• A problem which is becoming more acute is that of noise. By this is not meant the inevitable increase in the “background of noise”, but the more specific causes of noise in so far as they affect health. Of particular concern to Southall is the noise from aeroplanes, especially at night time. Southall has two aerodromes, Hanworth and Heston, within a short distance. ‑ Southall 1934
  • I refer to the number of petty annoyances that keep us perpetually on the alert night and day, such as street calls and shouting, whether during the day or at the closing of the public houses, loud, vulgar, insane choruses by half drunken men in vans and brakes, vulgar horse play by lads at or near the station at night, perpetual barking of dogs often all night. ‑ Wembley 1902
  • The district of St. Marylebone possesses streets in which a large proportion of the houses are fitted up as nursing establishments. There is one disadvantage, that is, some of the sufferers require the muffling of the street noises as far as possible, hence these nursing streets are almost constantly littered with straw. ‑ Marylebone 1898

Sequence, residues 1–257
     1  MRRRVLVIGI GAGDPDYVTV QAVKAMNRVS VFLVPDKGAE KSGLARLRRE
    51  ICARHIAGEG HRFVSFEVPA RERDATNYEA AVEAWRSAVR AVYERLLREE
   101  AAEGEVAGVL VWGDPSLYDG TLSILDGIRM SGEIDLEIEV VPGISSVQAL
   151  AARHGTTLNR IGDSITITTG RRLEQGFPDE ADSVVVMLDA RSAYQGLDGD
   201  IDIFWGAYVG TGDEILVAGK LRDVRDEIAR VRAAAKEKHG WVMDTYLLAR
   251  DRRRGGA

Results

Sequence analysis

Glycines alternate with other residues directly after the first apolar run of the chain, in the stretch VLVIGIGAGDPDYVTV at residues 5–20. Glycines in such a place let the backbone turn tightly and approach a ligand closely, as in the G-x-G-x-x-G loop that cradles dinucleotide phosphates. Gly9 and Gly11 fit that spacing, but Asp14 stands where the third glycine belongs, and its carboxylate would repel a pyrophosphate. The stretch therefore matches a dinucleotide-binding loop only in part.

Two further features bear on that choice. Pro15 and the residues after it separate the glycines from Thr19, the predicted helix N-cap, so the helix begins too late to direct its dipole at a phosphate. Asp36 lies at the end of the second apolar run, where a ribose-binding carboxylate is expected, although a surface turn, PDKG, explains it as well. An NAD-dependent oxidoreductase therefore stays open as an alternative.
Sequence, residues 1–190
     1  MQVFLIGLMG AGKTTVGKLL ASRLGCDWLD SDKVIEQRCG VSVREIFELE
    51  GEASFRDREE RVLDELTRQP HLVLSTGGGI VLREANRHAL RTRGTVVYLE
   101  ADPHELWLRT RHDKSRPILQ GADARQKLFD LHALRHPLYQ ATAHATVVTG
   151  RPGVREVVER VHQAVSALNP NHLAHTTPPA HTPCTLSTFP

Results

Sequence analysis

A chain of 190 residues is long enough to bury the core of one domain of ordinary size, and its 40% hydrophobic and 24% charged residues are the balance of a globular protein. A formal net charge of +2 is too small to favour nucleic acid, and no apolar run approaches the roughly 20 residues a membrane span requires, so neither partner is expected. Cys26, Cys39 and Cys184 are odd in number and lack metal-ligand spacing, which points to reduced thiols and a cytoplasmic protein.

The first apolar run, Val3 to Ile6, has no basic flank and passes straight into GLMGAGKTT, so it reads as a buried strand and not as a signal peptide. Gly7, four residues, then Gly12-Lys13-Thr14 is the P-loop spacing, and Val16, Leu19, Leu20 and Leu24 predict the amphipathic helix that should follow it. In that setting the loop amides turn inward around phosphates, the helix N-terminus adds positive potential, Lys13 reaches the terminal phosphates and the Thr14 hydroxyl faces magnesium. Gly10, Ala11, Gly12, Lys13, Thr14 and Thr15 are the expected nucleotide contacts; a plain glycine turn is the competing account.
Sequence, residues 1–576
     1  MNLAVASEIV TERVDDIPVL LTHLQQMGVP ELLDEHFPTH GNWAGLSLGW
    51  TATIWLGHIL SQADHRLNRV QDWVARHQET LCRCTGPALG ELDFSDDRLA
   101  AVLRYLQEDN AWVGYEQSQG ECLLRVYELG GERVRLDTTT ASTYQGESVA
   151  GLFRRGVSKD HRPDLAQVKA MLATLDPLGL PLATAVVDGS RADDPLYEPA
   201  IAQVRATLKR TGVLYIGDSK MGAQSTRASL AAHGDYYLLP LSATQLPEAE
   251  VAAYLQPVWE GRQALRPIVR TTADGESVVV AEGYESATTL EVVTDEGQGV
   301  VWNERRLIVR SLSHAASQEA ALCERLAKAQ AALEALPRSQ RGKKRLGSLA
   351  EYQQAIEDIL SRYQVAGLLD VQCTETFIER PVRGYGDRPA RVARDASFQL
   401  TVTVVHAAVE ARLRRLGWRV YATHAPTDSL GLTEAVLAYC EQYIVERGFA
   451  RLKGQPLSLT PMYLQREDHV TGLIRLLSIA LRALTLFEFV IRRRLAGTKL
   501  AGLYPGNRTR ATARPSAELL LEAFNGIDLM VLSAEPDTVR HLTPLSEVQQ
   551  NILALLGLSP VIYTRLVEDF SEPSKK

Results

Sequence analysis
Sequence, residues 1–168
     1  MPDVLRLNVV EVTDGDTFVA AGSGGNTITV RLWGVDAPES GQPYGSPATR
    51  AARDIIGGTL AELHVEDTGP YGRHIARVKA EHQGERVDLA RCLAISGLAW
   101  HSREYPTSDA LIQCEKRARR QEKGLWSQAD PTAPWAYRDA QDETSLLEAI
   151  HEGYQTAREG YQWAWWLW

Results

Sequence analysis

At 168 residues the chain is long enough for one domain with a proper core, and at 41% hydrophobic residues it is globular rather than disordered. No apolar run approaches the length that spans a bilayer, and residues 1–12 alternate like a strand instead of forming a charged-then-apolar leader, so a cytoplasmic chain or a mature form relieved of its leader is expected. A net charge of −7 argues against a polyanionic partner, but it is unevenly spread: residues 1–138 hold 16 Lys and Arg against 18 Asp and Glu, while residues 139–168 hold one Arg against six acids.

• Ranelagh-street, No. 8. The complaint here was of stone masons’ hammering during the day. At Mr. Croft’s, Pork Butcher, Knightsbridge-terrace, that of a nuisance caused by the noise of a sausage-making machine, erected at the rear of complainant’s yard. At Cumberland-street, No. 73, annoyance caused by the playing of an organ next door. ‑ Hanover Square 1861
  • That the Clerk be authorised to write in reply, stating that in the opinion of the Vestry it is advisable that a By-law should be framed prohibiting the throwing of orange peel on the footways, and also that a By-law should be framed to obviate as much as possible noises in the streets after 12 o’clock at night. ‑ Rotherhithe 1894